Tropical Fish Keeping banner

1 - 20 of 36 Posts

·
Registered
Joined
·
1,014 Posts
Discussion Starter #1
29 Gallon Planted Freshwater Community Tank.

I lost 3 Neons and a Bolivian Ram to Camallanus. I currently have the following fish in the tank.

8 Neon Tetras
4 Bronze Cory
1 Male Albino Bristlenose Pleco
1 Male Sailfin Lyretail Molly
1 Female Kribensis Cichlid

I want to get the following fish:
7-8 Neon Tetras
2 Bronze Cory
1 Male Dwarf Gourami (who will be quarantined for 6-8 weeks in a 10 gallon first)

I need some feedback on the compatibility of the Kribensis and the Gourami. The Kribensis seems to be fine right now. In the end if they don't get along one could be moved into the 20.

Any suggestions? Inputs? Ideas? Better stocking suggestions?

I also have a 20 gallon community tank with 1 male molly, 1 bristlenose and 7 baby platys, a 10 gallon tank with 20 baby platys, 1 female molly and 1 baby female molly (the two mollies and 3 platys will go in the 20. i might add 1 or 2 platys to the 29 later on. the rest will be donated), a 5 gallon betta tank.
 

·
Registered
Joined
·
22,557 Posts
I would caution against this. First, I do not consider gourami and cichlids to be compatible whatever the species, primarily because they are so much alike in personality (males are territorial, etc).

But even more, the dwarf gourami is not a good fish. There are stores that refuse to even stock it any longer, and many highly-knowledgeable sources such as Dr. Neale Monks will write that this is not a fish to even consider. If you know the source, by which I mean the breeder, it may be safe; but stores can get their fish from all over the place, and this species is notorious for carrying a serious virus which is not curable.

As for the other fish, the mix of molly and neon tetra is risky, due to water parameters. Molly must have hard water, there is no exception to that. And neon tetra while considered "adaptable" will not be at their best health unless they have soft water. This is one of those situations where it "can work" but not in the best interests of the fish, which means opening the door to problems that could otherwise be avoided.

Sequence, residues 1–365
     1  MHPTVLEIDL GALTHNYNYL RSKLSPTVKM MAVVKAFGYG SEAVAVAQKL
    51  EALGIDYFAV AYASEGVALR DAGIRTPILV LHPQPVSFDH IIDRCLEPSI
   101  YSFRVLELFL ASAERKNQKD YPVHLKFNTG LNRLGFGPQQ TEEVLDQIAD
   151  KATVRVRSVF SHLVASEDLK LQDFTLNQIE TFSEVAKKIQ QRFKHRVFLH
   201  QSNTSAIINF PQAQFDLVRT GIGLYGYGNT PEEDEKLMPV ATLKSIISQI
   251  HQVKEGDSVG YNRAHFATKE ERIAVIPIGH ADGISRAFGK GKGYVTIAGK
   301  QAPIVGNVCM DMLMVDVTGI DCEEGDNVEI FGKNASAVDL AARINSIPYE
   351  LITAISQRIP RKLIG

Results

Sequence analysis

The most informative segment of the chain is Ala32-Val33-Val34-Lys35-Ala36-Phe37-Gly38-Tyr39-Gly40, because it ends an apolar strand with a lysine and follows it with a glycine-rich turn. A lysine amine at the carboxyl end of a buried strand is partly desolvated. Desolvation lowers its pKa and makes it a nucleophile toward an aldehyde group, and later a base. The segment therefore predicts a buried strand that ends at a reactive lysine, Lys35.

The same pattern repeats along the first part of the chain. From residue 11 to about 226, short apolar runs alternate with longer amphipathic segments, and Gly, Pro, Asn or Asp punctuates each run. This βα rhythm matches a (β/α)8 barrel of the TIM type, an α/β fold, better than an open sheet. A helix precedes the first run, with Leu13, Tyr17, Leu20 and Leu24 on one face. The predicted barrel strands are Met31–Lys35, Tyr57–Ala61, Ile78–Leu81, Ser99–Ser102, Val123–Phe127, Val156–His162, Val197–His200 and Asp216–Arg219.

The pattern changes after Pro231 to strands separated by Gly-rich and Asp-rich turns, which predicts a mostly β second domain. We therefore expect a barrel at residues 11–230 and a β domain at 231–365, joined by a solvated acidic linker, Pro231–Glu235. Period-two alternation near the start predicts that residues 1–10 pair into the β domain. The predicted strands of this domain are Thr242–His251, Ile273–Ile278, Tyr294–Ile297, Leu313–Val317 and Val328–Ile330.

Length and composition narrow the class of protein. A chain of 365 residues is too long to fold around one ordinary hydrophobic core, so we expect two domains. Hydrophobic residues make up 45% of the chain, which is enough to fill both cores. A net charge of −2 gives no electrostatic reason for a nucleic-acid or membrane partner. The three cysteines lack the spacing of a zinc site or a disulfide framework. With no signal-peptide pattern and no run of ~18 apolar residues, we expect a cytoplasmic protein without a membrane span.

Byron.
 

·
Registered
Joined
·
1,014 Posts
Discussion Starter #3 (Edited)
I called the water company to confirm some water parameters in my tank. Although I got some good information on the hardness, their nitrate information is throwing me off.

I called and they did not even know what General or Carbon Hardness was. The person gave me the Calcium Hardness which falls under the dgH which is Calcium or Magnesium (according to your article I read on hardness, please correct me if I am wrong).

Water Plant Reports:

dgH: 20-21
Nitrate: 5.0ppm


0 - 4 dGH 0 - 70 ppm very soft
4 - 8 dGH 70 - 140 ppm soft
8 - 12 dGH 140 - 210 ppm medium hard
12 - 18 dGH 210 - 320 ppm fairly hard
18 - 30 dGH 320 - 530 ppm hard
over 30 dGH over 530 ppm very hard

Read more: http://www.tropicalfishkeeping.com/...s-ph-freshwater-aquarium-73276/#ixzz1wZLkTxTQ

My Reports:

Nitrate: 50ppm

The Kribensis seems to adapt quite well. What schooling fish for hard water would you recommend to replace the neons? I could get a second school that could eventually replace the neons.

Also Byron, what about the Honey Gourami (Trichogaster chuna)
Soft to moderately hard (< 20 dGH)

I would be in the extreme of its ranges but the ones they sell here are kept in our local tap water. I'm only thinking of the Gourami still, although you cautioned about the temperaments of males, is because the Kribensis is a Female. Thoughts?

If the water would be suitable but the compatibility not, I could move the Kribensis into the 10 or 20 gallon, most likely the 20 which will have mollies and platys and a bristlenose.
 

·
Registered
Joined
·
22,557 Posts
That is hard water, so the molly (and any livebearers) will be good. And yes, calcium/magnesium are the two minerals that usually determine GH.

As for the other basically soft water fish, the cichlids and gourami (common species) are almost certainly tank-raised and not wild, so some adaptability is to be presumed. I can't say more on this, as I've no experience with either mentioned species. I would not combine them though.

Characins I do know, and the majority simply will not last a normal lifespan in hard water. They are more sensitive in this respect than some other fish. There are some species that will, one example is Pristella. The data in the profiles mentions this.

To that nitrate, is it 5.0 or 50 ppm? You give both these numbers.
 

·
Registered
Joined
·
1,014 Posts
Discussion Starter #5
That is hard water, so the molly (and any livebearers) will be good. And yes, calcium/magnesium are the two minerals that usually determine GH.

As for the other basically soft water fish, the cichlids and gourami (common species) are almost certainly tank-raised and not wild, so some adaptability is to be presumed. I can't say more on this, as I've no experience with either mentioned species. I would not combine them though.

Characins I do know, and the majority simply will not last a normal lifespan in hard water. They are more sensitive in this respect than some other fish. There are some species that will, one example is Pristella. The data in the profiles mentions this.

To that nitrate, is it 5.0 or 50 ppm? You give both these numbers.
Thanks Byron!

I will not keep the Kribensis and Gourami together. I will be moving the Kribensis to the 20 gallon. The Gourami will go in the 10 gallon for quarantine along with any other fish I decide to get.